One of my young family members was in prison a while ago. During our visit we were treated like prisoners ourselves—made to wait endlessly in the shabby, dirty facilities.
But at least we could leave. He spent his jail time scavenging things to trade for tins of tuna to supplement the dreadful diet.
I heard another story from a woman whose family member died handcuffed to a hospital bed.
The cuffs weren’t removed for hours after he died.
The latest annual report into deaths and complaints from the chief inspector of prisons shows how widespread these experiences are.
Healthcare often did not meet the required standard, and “was not equivalent to that in the community”.
A prisoner killed himself after being bullied by other inmates. A prison officer “didn’t notice” one of his charges had died in his cell.
A guard chained themselves to a frail, 72 year old inmate after he’d had a heart attack.
The report doesn’t even cover the pandemic. Next year’s report will make for grim reading.
The chief inspector warned four years ago there was no custody centre in England or Wales safe to hold children.
Last month he said there is still no clear vision for improvement. He added, “Too many of our recommendations about improvements in primary and mental healthcare are repeated year after year.”
We should be angry, but not surprised. Prison isn’t there to “rehabilitate” people.
It dispenses ill treatment to overwhelmingly poor, unemployed and often mentally ill people trying to survive in a brutally unequal society.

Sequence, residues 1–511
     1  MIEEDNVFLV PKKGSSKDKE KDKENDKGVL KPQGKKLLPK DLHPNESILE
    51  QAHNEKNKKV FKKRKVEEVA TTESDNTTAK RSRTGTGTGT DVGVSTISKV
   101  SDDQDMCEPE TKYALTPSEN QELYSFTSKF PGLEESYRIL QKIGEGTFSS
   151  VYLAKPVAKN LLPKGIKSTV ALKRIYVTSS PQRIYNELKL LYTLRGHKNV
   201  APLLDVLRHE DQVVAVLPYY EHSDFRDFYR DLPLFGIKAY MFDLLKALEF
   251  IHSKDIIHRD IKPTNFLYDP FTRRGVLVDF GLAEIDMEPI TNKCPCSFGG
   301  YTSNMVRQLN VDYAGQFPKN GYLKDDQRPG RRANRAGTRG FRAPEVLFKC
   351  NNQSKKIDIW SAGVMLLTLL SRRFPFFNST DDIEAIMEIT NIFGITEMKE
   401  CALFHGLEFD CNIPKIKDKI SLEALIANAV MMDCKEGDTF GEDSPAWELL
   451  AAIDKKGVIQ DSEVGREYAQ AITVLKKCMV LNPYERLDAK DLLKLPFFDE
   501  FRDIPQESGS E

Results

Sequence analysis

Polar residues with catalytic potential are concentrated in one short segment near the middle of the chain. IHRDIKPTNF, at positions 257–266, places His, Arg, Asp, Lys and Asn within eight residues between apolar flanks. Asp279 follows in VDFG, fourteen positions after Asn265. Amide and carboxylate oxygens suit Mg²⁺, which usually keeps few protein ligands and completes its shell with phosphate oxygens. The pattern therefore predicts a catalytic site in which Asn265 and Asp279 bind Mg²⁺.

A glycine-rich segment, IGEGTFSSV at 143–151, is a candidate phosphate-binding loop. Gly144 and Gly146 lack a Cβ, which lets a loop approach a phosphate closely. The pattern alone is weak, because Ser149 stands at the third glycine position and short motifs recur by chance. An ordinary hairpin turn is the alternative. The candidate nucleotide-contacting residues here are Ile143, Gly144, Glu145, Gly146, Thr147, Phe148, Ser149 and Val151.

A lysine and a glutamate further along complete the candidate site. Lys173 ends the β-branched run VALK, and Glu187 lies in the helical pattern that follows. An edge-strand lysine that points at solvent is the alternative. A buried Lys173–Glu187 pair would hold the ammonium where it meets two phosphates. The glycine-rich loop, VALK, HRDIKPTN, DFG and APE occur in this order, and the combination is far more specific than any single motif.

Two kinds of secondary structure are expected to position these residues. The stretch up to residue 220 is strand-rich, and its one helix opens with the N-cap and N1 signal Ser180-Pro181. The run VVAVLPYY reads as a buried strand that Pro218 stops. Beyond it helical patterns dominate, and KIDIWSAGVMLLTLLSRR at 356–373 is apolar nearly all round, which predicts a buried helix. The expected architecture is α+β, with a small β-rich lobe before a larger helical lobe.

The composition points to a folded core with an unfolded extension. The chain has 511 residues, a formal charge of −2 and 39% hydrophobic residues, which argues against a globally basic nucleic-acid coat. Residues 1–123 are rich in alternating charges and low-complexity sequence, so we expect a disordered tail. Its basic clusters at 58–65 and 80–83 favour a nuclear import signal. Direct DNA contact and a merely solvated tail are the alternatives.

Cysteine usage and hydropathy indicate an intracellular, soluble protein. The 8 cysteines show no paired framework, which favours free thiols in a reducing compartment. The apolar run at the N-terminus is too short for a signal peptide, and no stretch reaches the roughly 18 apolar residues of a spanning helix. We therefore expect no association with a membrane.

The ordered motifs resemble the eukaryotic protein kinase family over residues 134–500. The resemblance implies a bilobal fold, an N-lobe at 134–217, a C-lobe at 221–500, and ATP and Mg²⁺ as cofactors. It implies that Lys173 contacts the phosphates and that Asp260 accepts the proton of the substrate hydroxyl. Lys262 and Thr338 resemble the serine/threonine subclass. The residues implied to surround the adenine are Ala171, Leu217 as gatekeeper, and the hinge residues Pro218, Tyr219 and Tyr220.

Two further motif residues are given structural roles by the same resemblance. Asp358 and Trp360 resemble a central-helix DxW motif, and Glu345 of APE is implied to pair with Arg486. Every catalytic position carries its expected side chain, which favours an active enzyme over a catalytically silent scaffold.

It’s there to prop up the class divide. Burgle a mansion?
Go to jail.
Make billions from climate‑wrecking fracking like Ineos boss Jim Ratcliffe?
Get a knighthood.
Tear the prisons down—or mothball them for when we bring the Jim Ratcliffes of this world to justice.
Rent strike hits back
The University of Manchester (UoM) has broken accommodation contracts and has lied to students.
In retaliation, students have held back what the university cares about most—money.
Moving in September was never going to be easy.
Social distancing and litres of hand sanitiser were anticipated. But what wasn’t anticipated was the shocking response of UoM.
In our contracts they insist that in an event such as a pandemic, UoM will take “reasonable and proportionate steps to mitigate any adverse impact”.
But in reality this consisted of delayed responses to maintenance emergencies and non‑existent mental health support.
Some students reached out for support because online food deliveries were limited.
They were told to send the “least ill person” to the supermarket.
When the university did supply food it was often weeks late and rotting within days.
Unemptied bins overflowed and students had to cook in disgusting conditions.
Students emailed their complaints to the accommodation office around 22 October. They were told a particular staff member was on annual leave and would respond from 2 November.
But by 5 November no response had surfaced. So we continue to strike.
Tories care about Christmas, but not Eid